5 Ways To Improve Your Child’s Social Skills

Your little ones face many challenges the day they open their eyes in this material world.

Developing social skills and interacting with the world around them will be a critical part of their success and happiness, even more important than their academic results.

Are you ready to help them develop the desired social skills?

For example: talking effectively, interacting with strangers, starting a conversation, listening, getting along, being responsible for their behaviour, making friends (and keeping them too), dealing with uncomfortable situations, teasing, bullying, awkwardness or unpopularity, bonding, interacting, accepting and finding acceptance, empathizing, and giving compliments, etc.

Some kids are naturally more socially-adept than others. Nevertheless, socialising is an art one is mastering every single day of growing up.

Teaching your children to pick up social skills and communicate well is a big task for parents. Here’s help:

5 Ways to improve social skills in kids:

1. Encourage eye-contact

When talking to somebody, encourage your children to look into their eyes and talk for effective communication and to build confidence. Your toddlers may need to practice every day to master this art.

Try games like ‘staring contest,’ tell your children to talk to their soft toys, or tell you stories looking into your eyes.

RELATED: Incredible Ways To Tell Great Stories To Your Child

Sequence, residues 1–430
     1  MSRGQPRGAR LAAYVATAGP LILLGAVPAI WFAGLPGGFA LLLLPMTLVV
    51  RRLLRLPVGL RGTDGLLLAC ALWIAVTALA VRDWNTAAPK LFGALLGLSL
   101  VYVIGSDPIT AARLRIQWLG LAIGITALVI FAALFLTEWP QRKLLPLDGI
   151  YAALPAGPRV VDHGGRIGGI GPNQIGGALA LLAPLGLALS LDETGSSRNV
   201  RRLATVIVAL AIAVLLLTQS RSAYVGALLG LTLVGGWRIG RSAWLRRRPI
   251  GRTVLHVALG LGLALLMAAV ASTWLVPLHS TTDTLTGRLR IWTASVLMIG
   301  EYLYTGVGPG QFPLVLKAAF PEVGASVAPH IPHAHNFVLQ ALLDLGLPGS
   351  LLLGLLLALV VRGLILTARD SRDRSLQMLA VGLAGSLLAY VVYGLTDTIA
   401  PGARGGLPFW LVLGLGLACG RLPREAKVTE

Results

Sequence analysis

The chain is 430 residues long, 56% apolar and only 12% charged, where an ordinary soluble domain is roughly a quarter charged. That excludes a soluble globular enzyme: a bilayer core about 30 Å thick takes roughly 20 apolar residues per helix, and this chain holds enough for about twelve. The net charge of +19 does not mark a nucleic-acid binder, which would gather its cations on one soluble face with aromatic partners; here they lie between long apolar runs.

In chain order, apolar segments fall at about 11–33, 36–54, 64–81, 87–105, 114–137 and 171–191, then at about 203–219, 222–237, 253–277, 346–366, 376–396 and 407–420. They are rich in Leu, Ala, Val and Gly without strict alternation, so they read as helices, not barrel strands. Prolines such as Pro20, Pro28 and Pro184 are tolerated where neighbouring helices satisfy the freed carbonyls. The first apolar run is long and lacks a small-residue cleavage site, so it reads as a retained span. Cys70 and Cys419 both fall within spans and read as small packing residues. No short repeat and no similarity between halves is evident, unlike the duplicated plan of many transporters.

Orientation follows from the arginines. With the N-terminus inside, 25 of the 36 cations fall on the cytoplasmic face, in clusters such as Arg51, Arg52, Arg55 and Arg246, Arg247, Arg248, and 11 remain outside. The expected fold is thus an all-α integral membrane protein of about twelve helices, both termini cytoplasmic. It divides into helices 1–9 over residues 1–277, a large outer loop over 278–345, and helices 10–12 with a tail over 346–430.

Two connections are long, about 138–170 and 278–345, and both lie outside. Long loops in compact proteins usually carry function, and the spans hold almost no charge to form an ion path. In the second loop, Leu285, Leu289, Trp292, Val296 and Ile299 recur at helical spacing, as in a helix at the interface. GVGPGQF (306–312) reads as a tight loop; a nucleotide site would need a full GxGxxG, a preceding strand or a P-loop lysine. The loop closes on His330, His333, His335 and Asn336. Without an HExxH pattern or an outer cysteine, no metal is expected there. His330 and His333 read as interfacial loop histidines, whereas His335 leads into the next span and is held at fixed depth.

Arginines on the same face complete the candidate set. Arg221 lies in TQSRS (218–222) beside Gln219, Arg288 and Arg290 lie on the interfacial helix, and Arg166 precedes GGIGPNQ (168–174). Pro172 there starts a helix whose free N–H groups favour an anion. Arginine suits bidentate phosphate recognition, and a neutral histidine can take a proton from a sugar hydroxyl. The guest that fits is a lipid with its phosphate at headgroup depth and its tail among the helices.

2. Teach them emotions

Let your children imitate a variety of emotions—joy, anger, disappointment, excitement, mischief, weirdness, nervousness, tiredness, terror, danger, etc. Play ‘identify the emotion’ game by making faces or holding placards of different smiley.

This helps them differentiate emotions and express better, and not get confused when mingling with other kids or people. “To teach them emotions, it is important that you also communicate to your kids what makes you happy and sad, so when they misbehave I make a straight face and tell them up front that I am upset,” shares Anita, a proud mother of two boys.

RELATED: 5 Sure-Fire Ways To Help Your Child Handle Disappointments

3. Make them communicate

Verbal or non-verbal, your children should learn to express, interact, and respond to social stimulus. Help your children learn appropriate greetings and responses.

Kids may need help or guidance to interact with others appropriately, to overcome shyness, to manage a response, and express true feelings. Let your children know that they are free to talk, ask, question, and communicate their needs, desires, beliefs and ideas.

As parents and grandparents, talk to them every day and make generous use of words like ‘please,’ ‘let’s,’ ‘thank you,’ ‘common,’ etc.


4. Give them the environment

A lonely child may have difficulty in interacting with the world. Give your children good company, exposure, and chances to interact with different types of people.

Kids with social skill deficits often have trouble reading expressions and interacting socially.

So activities that get them more comfortable with these situations are a great idea. Playschools, hobby classes, playgrounds, sports activities, etc., will give them a chance to socialise.

When kids mingle with other kids or elders, they develop a range of interpersonal skills that become the foundation of their personality.

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5. Prepare them for higher social skills

A child who can communicate and express himself/herself fearlessly is armed to face the challenges when he/she grows up to tackle complex situations.